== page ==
From JRG Advisors
Many employers and fellow employees want to help their employees and co-workers when there is a situation where they need to be away from work for an extended period of time but do not have paid time off (PTO) days left. These situations could range from natural disasters to an employee’s or employee family member’s serious illness. When times like this occur, having a PTO donation policy in place allows the donation of accumulated PTO from employees from a general pool. This allows employees to help their co-workers in a time of need, avoids “wasted” PTO, and could boost a positive work environment.
There are a few steps that an employer must follow in order to create a PTO donation policy. The first step is to decide when donated PTO is made available. Per IRS guidance, this should be limited to federally-recognized natural disasters, medical emergencies, or both. The employer should clarify and make clear the definitions of what exactly constitutes a medical emergency or natural disaster and compare this with IRS guidance. This will alleviate any confusion in the future. Complying with IRS rules is important to avoid unwanted tax implications on behalf of employees who donate PTO.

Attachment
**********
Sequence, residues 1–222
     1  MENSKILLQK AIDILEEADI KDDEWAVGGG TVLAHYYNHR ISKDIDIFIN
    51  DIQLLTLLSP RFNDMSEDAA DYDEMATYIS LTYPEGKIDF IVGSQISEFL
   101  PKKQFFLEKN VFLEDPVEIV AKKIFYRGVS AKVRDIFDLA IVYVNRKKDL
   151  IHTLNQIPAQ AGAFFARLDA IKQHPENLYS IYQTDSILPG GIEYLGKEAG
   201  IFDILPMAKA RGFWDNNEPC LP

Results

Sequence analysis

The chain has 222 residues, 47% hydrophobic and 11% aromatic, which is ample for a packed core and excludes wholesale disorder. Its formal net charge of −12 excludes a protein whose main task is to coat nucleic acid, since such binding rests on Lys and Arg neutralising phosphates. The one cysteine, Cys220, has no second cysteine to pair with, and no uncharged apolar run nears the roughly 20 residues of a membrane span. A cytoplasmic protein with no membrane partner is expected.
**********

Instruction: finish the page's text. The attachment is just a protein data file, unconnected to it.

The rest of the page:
The next item for the employer is to take into consideration is the PTO “budget” for this policy. An example of this would be thinking about setting a limit on the amount of donations one can use or donate based on job titles. This will help with making sure that certain employees with the same job titles are not off at the same time. It also makes sense to establish maximum limits to the amount of PTO that can be donated, what happens is donated PTO is not used, and basic eligibility rules (how long must an employee be with the company before they may use donated PTO, for example).
The third step is to create and finalize the PTO donation policy or program. There needs to be a tracking mechanism for the donated and used PTO. Whomever is keeping track of the PTO needs to guarantee confidentiality of medical conditions of those who use the PTO for medical emergencies. When creating the policy, the employer also needs to set criteria in order to make sure that there is no discrimination within the policy. The last step is to execute and administer the plan. This may need to be announced during a staff meeting or during open enrollment for the employees in which it applies to so that they are notified that this policy exists. Employers will want to create request forms or applications for the PTO donation policy to know when PTO is needed or being given to the general pool.